It’s an invigorating time for active citizens! We’re coming off a year of democracy in action – from Tea Party protests and the Occupy movement here at home to Arab Spring and related developments oversees. And we’re starting a year highlighting American democracy – with the first caucus of the 2012 presidential election happening today, we’re looking forward to a year of rigorous debate on the issues and thoughtful discussion on who is left out of our civil society.
Throughout the fall, the campus was abuzz with students participating in and reflecting on the Occupy movement. I’ve been particularly impressed to see our students applying what they’ve learned about developing effective strategies and implementing sustainable solutions. Early in the fall, on a day when students from other universities were participating in a protest march in downtown Boston, the newly formed Tufts Occupy group chose to spend their day engaging and educating their peers – discussing the root cause of economic disparities and brainstorming interventions.
As we launch into the coming year, I’m looking forward to more thoughtful debate as students engage around the presidential election – registering new voters and pushing for voter turnout. I am particularly excited to see how the civic events and activities of the past year will carry into the coming year and continue to shape our world and our campus community.
Just a few weeks ago, I traveled to Libya with Peter Walker, Director of the Feinstein International Center at Tufts. We were invited by the United Nations Development Programme (UNDP) office in Tripoli, Libya to visit with the leadership of Tripoli University.
As you might imagine, Libya is still in the very early days of its post-revolution state, and nearly every major institution has new leadership rethinking the purpose and operations of their organization. UNDP is working with the National Transitional Council (NTC) to examine rebuilding – with a particular focus on building civic capacity – something which had been effectively eliminated over the last 40 years under the Qaddafi regime.
Home to over 250,000 young Libyans – young people who were the primary drivers of the revolution – universities are strategic resources for civic development. With an estimated 120,000 students and between 7,000-10,000 faculty, Tripoli University is seeking to lead this process. My visit to Tripoli University was to share the unique Tisch College approach of infusing active citizenship education throughout the university. The fact that Tufts embraces this as a core value, and that we have developed strategies for engaging social scientists, humanists, natural scientists, engineers, and health professionals was of central interest.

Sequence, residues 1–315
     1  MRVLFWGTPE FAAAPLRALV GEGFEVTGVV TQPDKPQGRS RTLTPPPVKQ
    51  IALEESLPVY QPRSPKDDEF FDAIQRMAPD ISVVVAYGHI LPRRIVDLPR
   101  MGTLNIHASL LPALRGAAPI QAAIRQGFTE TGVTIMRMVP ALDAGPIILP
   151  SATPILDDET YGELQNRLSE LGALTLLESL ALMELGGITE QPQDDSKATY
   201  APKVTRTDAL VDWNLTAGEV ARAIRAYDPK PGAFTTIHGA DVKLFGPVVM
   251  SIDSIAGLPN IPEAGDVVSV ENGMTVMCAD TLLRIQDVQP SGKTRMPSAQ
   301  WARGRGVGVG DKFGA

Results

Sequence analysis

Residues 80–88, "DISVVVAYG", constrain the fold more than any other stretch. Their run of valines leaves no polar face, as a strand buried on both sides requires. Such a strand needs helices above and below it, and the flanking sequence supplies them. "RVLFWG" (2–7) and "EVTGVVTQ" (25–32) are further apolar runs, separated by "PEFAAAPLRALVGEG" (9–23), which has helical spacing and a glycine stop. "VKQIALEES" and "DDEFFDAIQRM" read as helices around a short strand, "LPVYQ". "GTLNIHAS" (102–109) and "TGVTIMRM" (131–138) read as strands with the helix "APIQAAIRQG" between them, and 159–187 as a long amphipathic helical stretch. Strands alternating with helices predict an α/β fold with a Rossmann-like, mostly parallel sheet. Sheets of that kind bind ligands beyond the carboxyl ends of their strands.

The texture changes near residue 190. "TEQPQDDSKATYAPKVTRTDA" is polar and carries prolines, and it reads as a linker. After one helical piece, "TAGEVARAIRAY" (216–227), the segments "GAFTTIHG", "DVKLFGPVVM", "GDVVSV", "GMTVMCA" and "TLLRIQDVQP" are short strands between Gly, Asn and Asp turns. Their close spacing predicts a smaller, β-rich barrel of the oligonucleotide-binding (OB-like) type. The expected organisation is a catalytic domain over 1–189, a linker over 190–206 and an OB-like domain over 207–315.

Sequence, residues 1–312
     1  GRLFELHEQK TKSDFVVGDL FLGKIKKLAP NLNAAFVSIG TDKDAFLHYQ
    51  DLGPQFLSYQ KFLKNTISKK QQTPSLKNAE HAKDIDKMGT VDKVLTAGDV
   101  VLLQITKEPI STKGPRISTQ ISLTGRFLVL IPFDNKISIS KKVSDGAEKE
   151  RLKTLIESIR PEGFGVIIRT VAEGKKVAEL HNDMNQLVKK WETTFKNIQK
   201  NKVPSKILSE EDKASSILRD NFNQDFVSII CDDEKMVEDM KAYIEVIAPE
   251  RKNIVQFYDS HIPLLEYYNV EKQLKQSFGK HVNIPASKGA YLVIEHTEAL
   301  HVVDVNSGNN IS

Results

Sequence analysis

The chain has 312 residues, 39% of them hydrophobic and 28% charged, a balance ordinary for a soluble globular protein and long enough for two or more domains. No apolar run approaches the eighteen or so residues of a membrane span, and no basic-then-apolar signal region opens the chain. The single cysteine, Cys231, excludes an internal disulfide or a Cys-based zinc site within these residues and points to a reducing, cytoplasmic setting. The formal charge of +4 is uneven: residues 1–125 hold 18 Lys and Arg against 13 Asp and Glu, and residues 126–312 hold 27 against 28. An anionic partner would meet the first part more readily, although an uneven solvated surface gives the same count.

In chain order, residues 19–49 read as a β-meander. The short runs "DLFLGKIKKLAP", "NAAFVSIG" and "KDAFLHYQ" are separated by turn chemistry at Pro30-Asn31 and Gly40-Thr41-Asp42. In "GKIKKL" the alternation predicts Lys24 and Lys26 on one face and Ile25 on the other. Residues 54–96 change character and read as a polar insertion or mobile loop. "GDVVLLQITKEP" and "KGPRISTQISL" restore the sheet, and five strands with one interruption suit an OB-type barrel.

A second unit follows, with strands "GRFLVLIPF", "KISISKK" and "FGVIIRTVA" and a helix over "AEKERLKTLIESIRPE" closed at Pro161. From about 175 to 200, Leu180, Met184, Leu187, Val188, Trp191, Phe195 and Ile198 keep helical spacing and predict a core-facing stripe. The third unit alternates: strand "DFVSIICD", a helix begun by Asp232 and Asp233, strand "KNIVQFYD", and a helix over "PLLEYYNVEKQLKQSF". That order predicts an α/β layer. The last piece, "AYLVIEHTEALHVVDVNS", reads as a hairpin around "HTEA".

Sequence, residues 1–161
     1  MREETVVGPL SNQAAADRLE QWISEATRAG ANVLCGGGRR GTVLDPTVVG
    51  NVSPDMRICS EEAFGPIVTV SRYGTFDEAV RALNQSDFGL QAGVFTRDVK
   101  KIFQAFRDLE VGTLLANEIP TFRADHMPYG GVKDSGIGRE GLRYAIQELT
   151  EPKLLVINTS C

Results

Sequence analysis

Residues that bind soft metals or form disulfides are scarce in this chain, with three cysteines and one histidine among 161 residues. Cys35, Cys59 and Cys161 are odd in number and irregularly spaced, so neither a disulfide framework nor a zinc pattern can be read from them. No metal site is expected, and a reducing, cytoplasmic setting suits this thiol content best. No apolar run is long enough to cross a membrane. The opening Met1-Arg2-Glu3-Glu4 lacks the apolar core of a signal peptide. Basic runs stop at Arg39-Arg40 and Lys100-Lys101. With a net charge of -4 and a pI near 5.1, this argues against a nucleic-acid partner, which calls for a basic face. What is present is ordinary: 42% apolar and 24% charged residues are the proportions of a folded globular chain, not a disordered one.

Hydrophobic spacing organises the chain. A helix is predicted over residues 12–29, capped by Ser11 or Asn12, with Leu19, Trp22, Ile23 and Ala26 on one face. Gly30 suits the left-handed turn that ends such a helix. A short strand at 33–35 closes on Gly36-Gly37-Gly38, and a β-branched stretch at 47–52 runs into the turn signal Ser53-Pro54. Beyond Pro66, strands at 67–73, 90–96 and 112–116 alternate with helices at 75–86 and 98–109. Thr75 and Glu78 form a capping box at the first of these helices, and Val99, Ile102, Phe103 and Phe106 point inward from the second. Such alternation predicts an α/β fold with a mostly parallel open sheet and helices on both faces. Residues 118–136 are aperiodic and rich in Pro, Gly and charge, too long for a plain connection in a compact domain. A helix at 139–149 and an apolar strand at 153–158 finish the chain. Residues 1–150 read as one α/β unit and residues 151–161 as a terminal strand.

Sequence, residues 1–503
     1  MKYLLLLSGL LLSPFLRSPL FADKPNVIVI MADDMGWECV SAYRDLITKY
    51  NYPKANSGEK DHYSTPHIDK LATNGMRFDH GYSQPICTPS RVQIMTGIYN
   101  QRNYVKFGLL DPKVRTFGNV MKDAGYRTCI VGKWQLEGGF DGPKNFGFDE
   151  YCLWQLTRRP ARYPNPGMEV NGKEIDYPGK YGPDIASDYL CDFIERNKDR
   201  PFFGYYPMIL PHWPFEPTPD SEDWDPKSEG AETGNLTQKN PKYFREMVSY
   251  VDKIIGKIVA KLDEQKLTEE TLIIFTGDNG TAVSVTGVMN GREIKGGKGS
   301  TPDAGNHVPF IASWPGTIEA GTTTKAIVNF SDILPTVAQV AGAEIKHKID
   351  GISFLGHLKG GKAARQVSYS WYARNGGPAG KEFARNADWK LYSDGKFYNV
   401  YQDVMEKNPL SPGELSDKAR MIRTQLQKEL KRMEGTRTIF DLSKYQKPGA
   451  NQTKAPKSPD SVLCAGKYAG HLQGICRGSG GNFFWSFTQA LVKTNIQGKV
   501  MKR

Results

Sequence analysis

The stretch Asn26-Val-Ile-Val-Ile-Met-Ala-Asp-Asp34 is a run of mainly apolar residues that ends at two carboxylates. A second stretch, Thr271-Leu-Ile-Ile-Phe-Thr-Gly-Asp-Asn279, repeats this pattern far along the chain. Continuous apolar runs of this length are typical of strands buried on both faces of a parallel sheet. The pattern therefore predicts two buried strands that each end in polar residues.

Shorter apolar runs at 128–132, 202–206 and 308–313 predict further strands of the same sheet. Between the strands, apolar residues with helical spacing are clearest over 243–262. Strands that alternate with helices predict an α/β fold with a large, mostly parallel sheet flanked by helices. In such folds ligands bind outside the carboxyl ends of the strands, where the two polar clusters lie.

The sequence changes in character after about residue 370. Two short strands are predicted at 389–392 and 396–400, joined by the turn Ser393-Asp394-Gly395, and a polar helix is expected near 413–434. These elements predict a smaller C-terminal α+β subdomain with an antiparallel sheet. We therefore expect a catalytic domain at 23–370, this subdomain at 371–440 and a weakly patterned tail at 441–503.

Peter Walker and I are now engaging many other Tufts faculty to write brief concept papers for Tripoli University and UNDP consideration on discrete follow-up steps. Meeting with the president and key administrators from Tripoli University, I was inspired by their courage, receptivity and commitment and I look forward to continuing this critical global work in the coming year.
Domestically, I’ll be closely watching the reports coming out of our Center for Information and Research on Civic Learning and Engagement (CIRCLE). Tomorrow, you will hear from them how many young Iowans participated in today’s caucus. Throughout the year, they’ll be the nation’s leading resource for tracking changes to youth turnout during the primaries and general election.
Although youth voter turnout is certainly an indicator of our national civic health, the overall voting rate conceals enormous disparities between the voters and the non-voters. Nearly half of all young people, 18-29, have no college experience. These “non-college youth” often don’t have access to the same resources and opportunities as their civic peers. They vote, volunteer, belong to groups, and consume news, and even join unions at much lower rates than their peers who have at least attended college for a semester or two. This discrepancy has a tremendous, self-perpetuating impact on our society.
CIRCLE is dedicated to understanding and advocating for the civic engagement of all young people, and in the coming year you’ll hear more from them on this important demographic group.
It certainly is an exciting time and I look forward to another engaging year of partnership, dialogue and action.
Here’s to 2012,
Nancy E. Wilson
Dean ad interim
Originally published January 2012